LEAD and Drinking Water

. Wednesday, October 1, 2008
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In 1986, the Environmental protection Agency reported that an estimated 40 million Americans may be drinking water containing an unacceptable level of lead. Exercise exposure to lead can cause serious damage to the brain. Kidneys, nervous system, and red bloods cells.Young children, infants, and fetuses are particularly vulnerable to lead poisoning.

Currently, the EPA sets a limits of up to 50 parts per billions for lead in drinking water, and, generally, local water-treatment plants have no problems meeting this standard; water leaving the treatment plants usually relatively lead-free. However, lead levels can increase significantly after the water leaves the treatment plants, due to corrosion of lead-containing pipes or solder. Amendment passed in 1986 to safe drinking water act require that only lead-free pipes and solder be used in new pipes and plumbing repairs in public water supplies and in residences connected to public water supplies. In June of 1988, the EPA also lowered the limits for lead in the drinking water to 20 part per billions or fewer.

The major source of contamination of household water is the lead solder that, until recently, was used in joints of copper plumbing. Lead can also from old lead pipes, which were frequently used for interior plumbing and in municipal water system built before 1930. Whether or not lead is leached from pipes and joints depends o the corrosiveness of the water flowing through he pipes. The more acidic “soft” the water is, the greater its ability to pull lead from the pipes,. The local water supply authority can provide information about the corrosiveness of the water.

The best way for hometown or apartment dwellers to determinate the lead content of drinking water is to have the water tested. This is particularly important if the the plumbing was installed before 1930. plumbing installed within the last five years-if lead solder was used is also more likely to cause contamination, since leaching from lead solders diminishes after five years, contact the local water utility or the local health department for information and assistance regarding water testing. Individuals should check their water pipes, looking for a dull gray color of the joints or pipes them selves. Silver indicates plumbing made of other metals, when in doubt., try scratching the metal with a key; lead is soft enough to be easily scratched .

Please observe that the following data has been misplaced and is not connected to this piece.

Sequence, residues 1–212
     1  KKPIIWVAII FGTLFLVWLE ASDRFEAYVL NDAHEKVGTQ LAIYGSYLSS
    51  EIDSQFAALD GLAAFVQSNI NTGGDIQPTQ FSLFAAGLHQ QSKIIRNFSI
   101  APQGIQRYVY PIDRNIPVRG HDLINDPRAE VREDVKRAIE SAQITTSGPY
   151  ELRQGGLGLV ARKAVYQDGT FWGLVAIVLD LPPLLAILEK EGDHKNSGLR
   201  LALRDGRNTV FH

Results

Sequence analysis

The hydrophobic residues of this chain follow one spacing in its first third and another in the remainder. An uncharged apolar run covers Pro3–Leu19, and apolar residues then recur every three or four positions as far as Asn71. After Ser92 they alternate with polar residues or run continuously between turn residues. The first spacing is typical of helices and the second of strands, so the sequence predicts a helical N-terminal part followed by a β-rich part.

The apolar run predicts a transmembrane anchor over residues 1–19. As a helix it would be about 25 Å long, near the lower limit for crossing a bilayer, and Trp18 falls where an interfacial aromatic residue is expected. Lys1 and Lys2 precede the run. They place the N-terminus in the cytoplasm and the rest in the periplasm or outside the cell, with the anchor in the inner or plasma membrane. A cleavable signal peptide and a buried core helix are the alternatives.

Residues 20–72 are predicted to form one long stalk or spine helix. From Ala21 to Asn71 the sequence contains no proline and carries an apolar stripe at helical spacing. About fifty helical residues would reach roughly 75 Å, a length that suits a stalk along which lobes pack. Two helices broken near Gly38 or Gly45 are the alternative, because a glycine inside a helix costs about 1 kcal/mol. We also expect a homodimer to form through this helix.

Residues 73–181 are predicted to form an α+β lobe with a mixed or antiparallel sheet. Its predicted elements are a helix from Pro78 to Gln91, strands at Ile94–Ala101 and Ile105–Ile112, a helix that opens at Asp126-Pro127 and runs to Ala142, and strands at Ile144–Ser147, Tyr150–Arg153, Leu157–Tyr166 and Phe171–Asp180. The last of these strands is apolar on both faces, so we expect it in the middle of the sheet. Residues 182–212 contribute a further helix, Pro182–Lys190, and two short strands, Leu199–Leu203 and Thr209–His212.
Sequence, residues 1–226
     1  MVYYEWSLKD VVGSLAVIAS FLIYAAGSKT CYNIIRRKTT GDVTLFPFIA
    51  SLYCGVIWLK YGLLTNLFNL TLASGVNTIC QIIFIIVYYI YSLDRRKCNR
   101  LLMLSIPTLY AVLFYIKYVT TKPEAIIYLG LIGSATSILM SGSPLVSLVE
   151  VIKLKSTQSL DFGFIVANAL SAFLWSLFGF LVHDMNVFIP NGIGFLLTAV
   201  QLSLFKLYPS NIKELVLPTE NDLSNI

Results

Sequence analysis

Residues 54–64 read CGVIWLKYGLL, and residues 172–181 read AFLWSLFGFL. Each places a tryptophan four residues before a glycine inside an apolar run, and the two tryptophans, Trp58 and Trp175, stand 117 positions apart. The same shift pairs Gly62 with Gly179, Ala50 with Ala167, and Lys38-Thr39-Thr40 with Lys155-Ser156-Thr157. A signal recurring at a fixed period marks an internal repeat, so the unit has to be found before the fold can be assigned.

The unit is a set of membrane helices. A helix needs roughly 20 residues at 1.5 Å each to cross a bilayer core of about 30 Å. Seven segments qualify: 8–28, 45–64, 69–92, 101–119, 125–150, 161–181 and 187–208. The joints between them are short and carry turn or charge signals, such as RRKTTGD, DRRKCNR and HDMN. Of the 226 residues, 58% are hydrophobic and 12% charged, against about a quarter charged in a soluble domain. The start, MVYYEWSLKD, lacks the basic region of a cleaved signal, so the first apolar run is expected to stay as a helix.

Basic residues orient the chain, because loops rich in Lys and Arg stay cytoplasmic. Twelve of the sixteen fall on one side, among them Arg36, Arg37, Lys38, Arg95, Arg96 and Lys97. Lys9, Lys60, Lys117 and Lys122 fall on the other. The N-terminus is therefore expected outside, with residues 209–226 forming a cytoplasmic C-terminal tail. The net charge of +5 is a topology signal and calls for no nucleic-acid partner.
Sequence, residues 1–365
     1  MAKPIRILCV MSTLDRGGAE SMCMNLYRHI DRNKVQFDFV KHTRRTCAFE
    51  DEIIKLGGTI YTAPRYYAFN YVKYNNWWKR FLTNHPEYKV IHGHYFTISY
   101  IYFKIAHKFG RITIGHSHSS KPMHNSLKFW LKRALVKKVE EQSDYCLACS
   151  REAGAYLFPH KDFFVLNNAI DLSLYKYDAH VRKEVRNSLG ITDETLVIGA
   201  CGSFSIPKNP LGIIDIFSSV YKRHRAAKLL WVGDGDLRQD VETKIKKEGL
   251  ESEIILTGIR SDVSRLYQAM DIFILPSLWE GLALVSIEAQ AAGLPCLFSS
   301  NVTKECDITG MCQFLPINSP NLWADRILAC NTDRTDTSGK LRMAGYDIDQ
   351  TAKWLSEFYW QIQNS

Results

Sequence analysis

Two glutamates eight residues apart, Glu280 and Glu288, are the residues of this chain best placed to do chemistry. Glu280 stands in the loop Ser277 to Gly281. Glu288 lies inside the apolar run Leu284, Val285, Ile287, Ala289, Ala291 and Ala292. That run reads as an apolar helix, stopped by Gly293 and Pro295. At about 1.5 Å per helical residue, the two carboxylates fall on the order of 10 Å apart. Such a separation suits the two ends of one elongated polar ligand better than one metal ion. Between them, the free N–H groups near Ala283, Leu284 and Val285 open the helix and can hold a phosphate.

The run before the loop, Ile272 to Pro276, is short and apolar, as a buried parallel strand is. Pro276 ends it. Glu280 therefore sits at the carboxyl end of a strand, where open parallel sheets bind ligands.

The following steps can also taken in the home to protect against excessive lead in the drinking water.
  • In the morning or after any prolonged period of nonuse, let the cold water run until it be comes as cold as it will get. This should be done for each faucet in he household used for drinking or cooking. In this way, the water that has been standing in the pipes and accumulating lead will be flushed out. (This water can be used for bathing purposes.)

  • Avoid using hot water from the tap for cooking or for mixing hot drinks or baby formula, as hot water tends to dissolves more lead from pipes than cold water.

  • Avoid water softeners, or use them only on the hot-water line. Harder water leaches far less than does softened water.


Ken said...

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Steve Berke said...

I enjoyed reading your article :) PLease continue publishing helpful topics like this. Regards, from CWRenviro.

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